Tehri Parker, Executive Director – A native Coloradoan, Tehri grew up listening to John Denver and trying to hand feed ground squirrels at the family cabin near Red Feather Lakes. (Hey, don’t judge her, it was the 1970’s.) After a brief period studying Radio and TV broadcasting, she stumbled upon her life passion – Environmental Education – earning a M.A. and Ph.D in the field from the University of Minnesota. Tehri has over 15 years experience managing successful nonprofit organizations. She is a member of the Western Wildways Network steering committee. She has a nerdy love for spreadsheets and financial reports.
Erica Prather, Campaign Assistant – Erica is from Wichita, Kansas and considers herself Edward Abbey reincarnated in the female form. Originally a writer and a dancer, Erica experimented with many fields of study and career-paths before engaging in conservation work and exploring all its possibilities. She has hunkered down in a lab, studying microbes on a sustainable green roof, worked as a naturalist locally in Denver as well as in Juneau, Alaska, taught science in Seoul, South Korea, was part of an international conservation trail team with the Environment Agency of Iceland, and has written and produced two environmental films, one of which debuted on National Geographic’s explorers blog. She has a fire in her veins for igniting members of Colorado and the Greater Wild Wild West to live the Ed Abbey mantra – ‘Sentiment without action is the ruin of the soul.’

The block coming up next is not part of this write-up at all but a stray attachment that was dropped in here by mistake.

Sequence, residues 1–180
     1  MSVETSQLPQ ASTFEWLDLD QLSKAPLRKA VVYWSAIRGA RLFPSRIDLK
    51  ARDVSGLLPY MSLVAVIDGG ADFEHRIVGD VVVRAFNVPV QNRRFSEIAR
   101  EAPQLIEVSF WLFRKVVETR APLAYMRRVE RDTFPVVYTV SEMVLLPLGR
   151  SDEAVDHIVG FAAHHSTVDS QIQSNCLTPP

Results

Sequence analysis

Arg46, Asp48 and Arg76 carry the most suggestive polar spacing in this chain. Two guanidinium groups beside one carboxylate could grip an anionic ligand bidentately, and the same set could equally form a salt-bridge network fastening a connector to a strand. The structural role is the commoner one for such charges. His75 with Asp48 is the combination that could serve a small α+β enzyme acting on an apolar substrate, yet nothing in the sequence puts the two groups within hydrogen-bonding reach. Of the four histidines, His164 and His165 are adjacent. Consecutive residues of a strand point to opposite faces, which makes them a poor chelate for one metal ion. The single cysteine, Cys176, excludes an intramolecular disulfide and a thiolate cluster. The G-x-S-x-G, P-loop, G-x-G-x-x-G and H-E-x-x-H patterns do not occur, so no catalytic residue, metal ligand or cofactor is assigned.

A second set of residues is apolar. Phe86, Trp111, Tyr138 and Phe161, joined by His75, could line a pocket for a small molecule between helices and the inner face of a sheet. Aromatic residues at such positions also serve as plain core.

Matt Sandler, Staff Attorney – Matt was born and raised in upstate New York. After graduating from Syracuse in 2000, Matt moved to the mountains of Colorado. After a few years of studying gravity (skiing, rock climbing, and waiting tables) he decided to go to law school to learn how to fight for the places and values he had grown to love. After graduating from the University of Denver School of Law, Matt clerked for a state District Court Judge and then spent a few years working as a Colorado State Public Defender. He was then ready to pursue his dream of fighting for the environment and in 2010 began working as the Staff Attorney for Rocky Mountain Wild. Matt enjoys skiing, rock climbing, cooking, spending time with family, and since he’s had kids: sleeping.
Paige Singer, Conservation Biologist/GIS Specialist – Born and raised on the western slope of Colorado, Paige spent her childhood acquiring a lasting love of Colorado’s wildlife and wild places. She left the northwest Colorado to pursue a BA in Psychology in California and a MS in Environmental Studies in Montana, only to return to her native Colorado. Today, as our Conservation Biologist and GIS specialist, Paige specializes in maintaining and restoring wildlife corridors throughout our region. She has spent countless hours alongside some of Colorado’s busiest roads, clambering through culverts and under bridges, investigating potential safe crossing opportunities for wildlife, advocating for new crossing locations, and monitoring the wildlife that could potentially use them. She, like her co-worker Megan, has a particular fondness for carnivores, including Canada lynx, wolverines and other spirited members of the mustelid family.
Chris Talbot-Heindl, Communications & Membership Manager – Chris has a passion for making seemingly mundane things beautiful and exciting and a penchant for living whole-heartedly in the non-profit sector. She completed her BFA in Art and has worked with various clients in developing brand, graphics, and websites. She has thirteen years experience working with nonprofits in the environmental sector. She spends her free time editing and designing an art and literature compzine, drawing political cartoons, crocheting everything, hanging out with her husband, Dana, and their two fur-babies, and skating in roller derby.